Naim NAIT integrated amplifier Robert Harley 1989
Before writing another word of this review of a British product, I have a confession to make: I was born in England. Although I left Britain at the tender age of 18 months and am an American for all intents and purposes, I wanted to expose this fact lest some reader with inside knowledge bring it to Stereophile readers' attention, crying "British equipment bias!" By getting it out up-front, I have practiced a political maneuver called "damage containment," thus avoiding a protracted controversy in the magazine's "Letters" section.
All kidding aside, the British do make excellent hi-fi equipment. Although not known for a cost-no-object approach to consumer audio gear, they consistently produce more musical components than their mass-market counterparts. In addition, Britain has made significant contributions to recording technology, a fact not widely known outside the professional audio community. The three most highly regarded recording consoles in the world (Neve, Solid State Logic, Trident) all come from England. The British also make microphones, digital processors, and a variety of other studio equipment. Much early work in broadcasting and acoustics was done by the BBC.
It's obvious that the British spend more time on the audio arts than the culinary arts. I grew up eating "bubble 'n squeak"---a kaleidoscope of leftovers mixed up and fried together)---"bangers 'n mash" (sausages stuck in a mound of mashed potatoes (footnote 1), and "chip buttys" (a sandwich of fried potato slices). I'll stick with their audio equipment, thanks.
The $795 NAIT 2 is representative of the British hi-fi industry's output. It has a volume control, selector, mute, and tape monitor switches, and not much else, not even a headphone output. It is also distinguished by its small, boxlike proportions and low power. (There is less demand for high power in England, perhaps due to their generally smaller listening rooms. I worked in a British hi-fi store briefly about 11 years ago and got a feel for the market there. High power is definitely not a priority.) Naim gives few specifications for its products, keeping with their stated philosophy that measurements of audio components are meaningless in choosing among them.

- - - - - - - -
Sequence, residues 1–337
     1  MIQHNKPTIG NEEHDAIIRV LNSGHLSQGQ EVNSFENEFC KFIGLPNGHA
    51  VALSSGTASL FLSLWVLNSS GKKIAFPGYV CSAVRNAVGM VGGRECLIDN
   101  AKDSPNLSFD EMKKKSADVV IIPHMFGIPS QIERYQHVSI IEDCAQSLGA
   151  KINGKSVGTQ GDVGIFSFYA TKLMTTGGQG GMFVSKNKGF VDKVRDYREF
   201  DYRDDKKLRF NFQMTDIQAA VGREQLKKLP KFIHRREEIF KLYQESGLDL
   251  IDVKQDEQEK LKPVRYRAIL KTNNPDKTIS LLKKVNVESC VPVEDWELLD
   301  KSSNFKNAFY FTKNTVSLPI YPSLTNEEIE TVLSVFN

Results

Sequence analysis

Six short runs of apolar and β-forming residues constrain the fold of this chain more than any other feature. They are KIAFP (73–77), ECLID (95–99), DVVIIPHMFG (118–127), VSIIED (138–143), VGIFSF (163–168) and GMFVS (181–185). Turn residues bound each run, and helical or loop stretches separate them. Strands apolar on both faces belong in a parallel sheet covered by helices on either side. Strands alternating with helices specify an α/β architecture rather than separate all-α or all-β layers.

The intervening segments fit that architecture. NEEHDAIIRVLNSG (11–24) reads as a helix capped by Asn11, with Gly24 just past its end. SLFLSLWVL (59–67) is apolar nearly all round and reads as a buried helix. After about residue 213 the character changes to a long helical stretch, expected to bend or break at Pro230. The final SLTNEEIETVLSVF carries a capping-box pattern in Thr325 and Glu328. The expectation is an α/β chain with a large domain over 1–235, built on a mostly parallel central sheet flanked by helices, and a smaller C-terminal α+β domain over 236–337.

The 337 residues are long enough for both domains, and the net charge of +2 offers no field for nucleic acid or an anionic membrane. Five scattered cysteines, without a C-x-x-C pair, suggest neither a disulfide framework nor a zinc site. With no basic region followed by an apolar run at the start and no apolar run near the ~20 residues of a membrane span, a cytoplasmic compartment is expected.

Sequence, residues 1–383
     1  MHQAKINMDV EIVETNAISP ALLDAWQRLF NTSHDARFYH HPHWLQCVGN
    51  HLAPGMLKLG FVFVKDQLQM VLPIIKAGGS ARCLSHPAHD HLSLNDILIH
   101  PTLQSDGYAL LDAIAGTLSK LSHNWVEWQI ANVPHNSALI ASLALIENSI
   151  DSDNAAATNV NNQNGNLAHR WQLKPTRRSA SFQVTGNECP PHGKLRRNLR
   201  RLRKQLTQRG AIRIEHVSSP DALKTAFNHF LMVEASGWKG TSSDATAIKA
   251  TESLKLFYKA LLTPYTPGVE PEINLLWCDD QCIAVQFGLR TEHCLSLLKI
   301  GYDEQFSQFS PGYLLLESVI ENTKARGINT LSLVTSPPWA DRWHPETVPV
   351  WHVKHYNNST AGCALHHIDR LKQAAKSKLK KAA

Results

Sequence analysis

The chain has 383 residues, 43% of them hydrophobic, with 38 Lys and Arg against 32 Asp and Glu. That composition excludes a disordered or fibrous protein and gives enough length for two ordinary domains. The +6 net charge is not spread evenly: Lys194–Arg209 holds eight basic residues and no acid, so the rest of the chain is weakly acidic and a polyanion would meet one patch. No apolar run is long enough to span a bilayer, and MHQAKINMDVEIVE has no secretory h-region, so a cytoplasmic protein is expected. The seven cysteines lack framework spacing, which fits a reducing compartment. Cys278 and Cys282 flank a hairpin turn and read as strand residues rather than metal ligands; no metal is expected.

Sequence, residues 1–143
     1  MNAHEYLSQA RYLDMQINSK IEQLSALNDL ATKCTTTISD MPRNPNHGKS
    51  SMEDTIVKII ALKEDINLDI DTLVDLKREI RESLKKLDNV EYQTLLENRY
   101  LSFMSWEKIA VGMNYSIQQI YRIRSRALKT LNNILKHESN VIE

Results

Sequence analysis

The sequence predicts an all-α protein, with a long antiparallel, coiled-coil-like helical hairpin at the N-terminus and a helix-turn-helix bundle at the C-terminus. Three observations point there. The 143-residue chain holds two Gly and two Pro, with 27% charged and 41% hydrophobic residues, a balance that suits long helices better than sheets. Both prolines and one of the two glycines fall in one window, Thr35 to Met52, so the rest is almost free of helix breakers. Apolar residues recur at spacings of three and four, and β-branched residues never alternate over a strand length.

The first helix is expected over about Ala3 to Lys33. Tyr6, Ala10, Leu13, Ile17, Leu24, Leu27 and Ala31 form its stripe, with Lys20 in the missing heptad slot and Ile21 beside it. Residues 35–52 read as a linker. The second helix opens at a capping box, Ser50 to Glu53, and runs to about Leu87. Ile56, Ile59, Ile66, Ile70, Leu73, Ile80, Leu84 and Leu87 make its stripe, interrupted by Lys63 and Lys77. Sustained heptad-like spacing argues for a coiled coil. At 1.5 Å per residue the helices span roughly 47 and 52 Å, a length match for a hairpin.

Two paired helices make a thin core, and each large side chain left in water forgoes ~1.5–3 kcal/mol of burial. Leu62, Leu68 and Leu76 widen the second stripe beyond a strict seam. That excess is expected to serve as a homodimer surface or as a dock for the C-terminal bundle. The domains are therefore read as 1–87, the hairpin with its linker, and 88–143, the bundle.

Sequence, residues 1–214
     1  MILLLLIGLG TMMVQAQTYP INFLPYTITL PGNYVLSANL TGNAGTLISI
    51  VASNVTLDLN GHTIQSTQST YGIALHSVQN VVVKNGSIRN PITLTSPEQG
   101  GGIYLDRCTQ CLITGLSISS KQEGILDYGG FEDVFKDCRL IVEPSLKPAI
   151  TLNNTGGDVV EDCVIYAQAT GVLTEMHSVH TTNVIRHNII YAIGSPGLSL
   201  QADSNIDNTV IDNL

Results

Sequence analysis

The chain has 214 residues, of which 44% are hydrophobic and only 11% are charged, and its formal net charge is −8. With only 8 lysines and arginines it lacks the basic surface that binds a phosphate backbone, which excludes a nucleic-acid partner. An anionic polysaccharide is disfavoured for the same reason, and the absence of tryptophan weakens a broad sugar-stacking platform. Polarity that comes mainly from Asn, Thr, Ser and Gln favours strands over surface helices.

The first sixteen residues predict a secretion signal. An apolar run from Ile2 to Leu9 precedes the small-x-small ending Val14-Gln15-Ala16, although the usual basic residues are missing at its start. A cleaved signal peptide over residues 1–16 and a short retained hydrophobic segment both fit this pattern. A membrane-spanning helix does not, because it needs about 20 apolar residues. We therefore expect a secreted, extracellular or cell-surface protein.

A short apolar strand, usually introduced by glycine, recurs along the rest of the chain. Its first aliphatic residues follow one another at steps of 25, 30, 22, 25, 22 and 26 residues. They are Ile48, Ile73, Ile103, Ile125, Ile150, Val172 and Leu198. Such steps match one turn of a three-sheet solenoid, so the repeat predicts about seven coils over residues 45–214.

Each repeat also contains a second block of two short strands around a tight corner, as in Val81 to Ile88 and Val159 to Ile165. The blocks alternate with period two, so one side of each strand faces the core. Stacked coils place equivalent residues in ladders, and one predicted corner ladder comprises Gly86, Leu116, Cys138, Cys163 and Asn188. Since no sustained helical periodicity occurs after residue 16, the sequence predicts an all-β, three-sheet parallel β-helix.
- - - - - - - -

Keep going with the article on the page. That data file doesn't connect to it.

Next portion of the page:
Speaking of measurements, Stereophile's audio test laboratory was just coming on-line during this review. Some relevant measurements are included later.
Two large knobs consume the majority of the NAIT 2's 3" by 8.125" front panel: One is a volume control, the other selects between phono, tuner, aux, and tape. The only other protuberances on the NAIT 2's front panel are a power switch, balance control, and a third control that provides muting and tape monitoring operation. The NAIT 2 uses DIN jacks for all signal inputs except phono, which uses gold-plated RCA jacks. For someone who will "fit and forget" this amplifier, the DIN jacks may be a minor inconvenience. I found these connectors to be a liability.
I should add that the NAIT 2 shuttled between my test bench and listening system, where it was removed and replaced several times during the listening comparisons. Perhaps this unusual situation exacerbated my dislike for DIN connectors. I'm no fan of RCA jacks, but they are convenient, universal, and permit the user to select from a wide range of interconnect cables. Incidentally, for $12 Naim will convert the NAIT 2 to a preamp-only unit, allowing future power-amp upgrades. (Though it can then be used with Naim's own NAP 90 or NAP 140 stereo amplifiers, Naim does not recommend that it be used with the NAP 250 and points out that it cannot be used as a preamp with their NAP 135 monoblocks.)
Footnote 1: Frying the sausages and pouring the resultant melted grease (complete with bits of charred sausage) from the frying pan over the mashed potatoes is an interesting regional variant, while allowing the grease to congeal, then spreading it on bread (white, of course) results in the British blue-collar worker's favorite snack: bread'n'dripping. Who says the British don't know as much as the French about cooking?—John Atkinson